Cruisers 5370
JULY 2001
 
   
Length overall 58'
Beam 16"
Draft  42"
Displacement 45,000 lb
Fuel Capacity 700 gals
Water Capacity 150 gals
Standard power  Twin CAT 3406E 800 HP diesels





The owner's stateroom (left) has all the comforts of a luxury suite. The quality of the interior workmanship shines through in the gleaming varnish of the solid teak dining table and the cabinets of the entertainment center in the saloon (center). The main saloon (right) is spacious, thanks to the 16' beam and the well-designed floor plan. The coffee table in the foreground rises and expands to make a large dining table.

This is the biggest boat ever built by Cruisers Yachts, and it's obvious that they pulled out all the stops in order to make a big impression on yacht owners and yacht oglers alike. And at just a tad under 60 feet and just a squeak over a million, they've provided a lot of what it takes to be an eye-catching head-turner as well as a premium party platform for elegant entertaining afloat.

Start with that sleek profile, the long, long bow, the swept-forward radar arch and the slight bulges along the walkarounds that suggest well-muscled shoulders. The lines project power, and that image comes to life when you crank up the twin 3406E 800-HP Catarpillar diesels. These behemoths reside in a cavernous engine room accessible through a hatch in the lounge deck sole. The generator, heating and air-conditioning units are standard features, along with the automatic fire-extinguisher system.

The helm is a space-age affair, with the adjustable wheel to starboard and room on the wrap-around dash for the optional Northstar 962 DGPS, Furuno 1932 MK II radar, Robertson Ap22 autopilot, plus the monitors for the twin Cats. Hydraulic steering is standard, as are the trim tabs and, of course, the stereo/CD player.

A massively framed windshield wraps around the helm deck, allowing room for walkaround decks on either side, leading up to the expansive foredeck, where sun pad cushions lie snapped in place via indentations molded into the deck. The sun pads even have their own Clarion speakers.

Aft of the twin pilots' chairs is a cabinet containing an optional electric barbecue grill and sink. This faces the lounge deck, which is equipped with a bar and a standard refrigerator/ice maker. A sickle-shaped settee becomes a sun pad with a filler piece that pulls out from under the seat and sets itself into place with the flick of a switch, like something you'd find in James Bond's bachelor pad. A removable table gets stored neatly in its own hatch behind the barbecue. The lounge and helm decks are protected by a standard Bimini top and enclosures.

Steps lead down to the expansive swim platform, where there's yet another comfortably cushioned lounge facing aft athwart the transom. Another neat option, a large, hydraulic lift, hides neatly under a hatch, ready to help haul or launch yacht tenders or personal watercraft.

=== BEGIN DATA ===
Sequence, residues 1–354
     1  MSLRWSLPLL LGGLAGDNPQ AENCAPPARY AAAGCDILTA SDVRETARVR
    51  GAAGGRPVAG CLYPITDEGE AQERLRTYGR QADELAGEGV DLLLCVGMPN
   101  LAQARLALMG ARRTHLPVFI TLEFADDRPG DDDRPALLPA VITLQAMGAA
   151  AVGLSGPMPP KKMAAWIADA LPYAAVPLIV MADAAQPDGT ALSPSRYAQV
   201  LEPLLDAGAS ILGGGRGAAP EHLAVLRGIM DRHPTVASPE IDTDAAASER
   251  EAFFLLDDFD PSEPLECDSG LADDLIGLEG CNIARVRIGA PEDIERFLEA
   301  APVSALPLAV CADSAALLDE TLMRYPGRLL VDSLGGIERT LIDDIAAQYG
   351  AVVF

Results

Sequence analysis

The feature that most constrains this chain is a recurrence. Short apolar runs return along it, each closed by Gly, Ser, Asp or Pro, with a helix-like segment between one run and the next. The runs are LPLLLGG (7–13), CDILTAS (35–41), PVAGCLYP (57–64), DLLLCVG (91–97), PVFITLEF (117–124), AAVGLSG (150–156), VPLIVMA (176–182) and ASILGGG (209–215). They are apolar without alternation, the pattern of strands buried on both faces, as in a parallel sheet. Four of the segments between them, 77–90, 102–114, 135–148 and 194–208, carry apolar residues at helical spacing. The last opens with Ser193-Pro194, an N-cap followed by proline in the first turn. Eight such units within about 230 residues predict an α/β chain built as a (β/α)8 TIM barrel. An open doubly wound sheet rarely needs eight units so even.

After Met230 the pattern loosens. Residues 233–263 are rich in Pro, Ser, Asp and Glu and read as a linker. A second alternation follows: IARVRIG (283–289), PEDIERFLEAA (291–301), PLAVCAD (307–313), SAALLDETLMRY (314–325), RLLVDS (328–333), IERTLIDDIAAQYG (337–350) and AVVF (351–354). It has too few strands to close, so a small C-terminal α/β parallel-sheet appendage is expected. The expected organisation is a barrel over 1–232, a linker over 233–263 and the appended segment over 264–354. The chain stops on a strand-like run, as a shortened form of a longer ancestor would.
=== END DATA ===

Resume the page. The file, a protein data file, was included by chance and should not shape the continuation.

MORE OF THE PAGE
Down below, the saloon is nothing shy of expansive, thanks not only to the 16-foot beam, but also to the thoughtful flow of the design and imaginative use of available space. The cabinetry is all solid cherry, with beautifully burled panels in all the doors and the paneling covering the large refrigerator and freezer. The galley counter seems to meander along the port side. The Corian covers a three-burner stovetop and twin stainless sinks. There's a big microwave/convection oven above and loads of storage in the cupboards and cabinets.

The galley counter merges into a serving and dining counter area with two bar stools and a 32-inch TV and DVD/CD changer. You can watch from a huge sectional couch spanned by matching recliners. The long, wooden coffee table rises and expands for a dining table that could easily seat eight. The bulkheads and ceilings are covered in a light faux leather, and in the center of the ceiling, braced by two circular hatches, is a round mirror etched with a compass rose. This drops out of a wooden panel and covers a central air duct, providing warm or cool air strategically from the middle of the room.

The guest stateroom is forward, but ranks with what would pass for the owner's stateroom on another yacht. It's equipped with a full island berth with tiered shelves on either side, a deep, cedar-lined hanging locker and its own entertainment center. An attractive circular hatch over the berth lets in plenty of light and air. A door leads in the day head, with its ceramic-tiled floor, Corian counter, and black sink and toilet. A huge shower stall has room for a seat.

The entrance to the owner's stateroom is aft from the saloon and down one step. The queen-sized berth faces an entertainment center behind burled wooden cabinet doors, and there's not just a hanging locker, but a real walk-in closet , cedar lined, of course. The head here is also ceramic tiled and has yet another large, separate shower stall.

There are three interior plan options, including a three-stateroom layout and a two-stateroom plan with or without a separate office space. As if this weren't enough, you can also get a dishwasher, washer/dryer, bow thruster, and even custom fitted sheets to go along with your new yacht.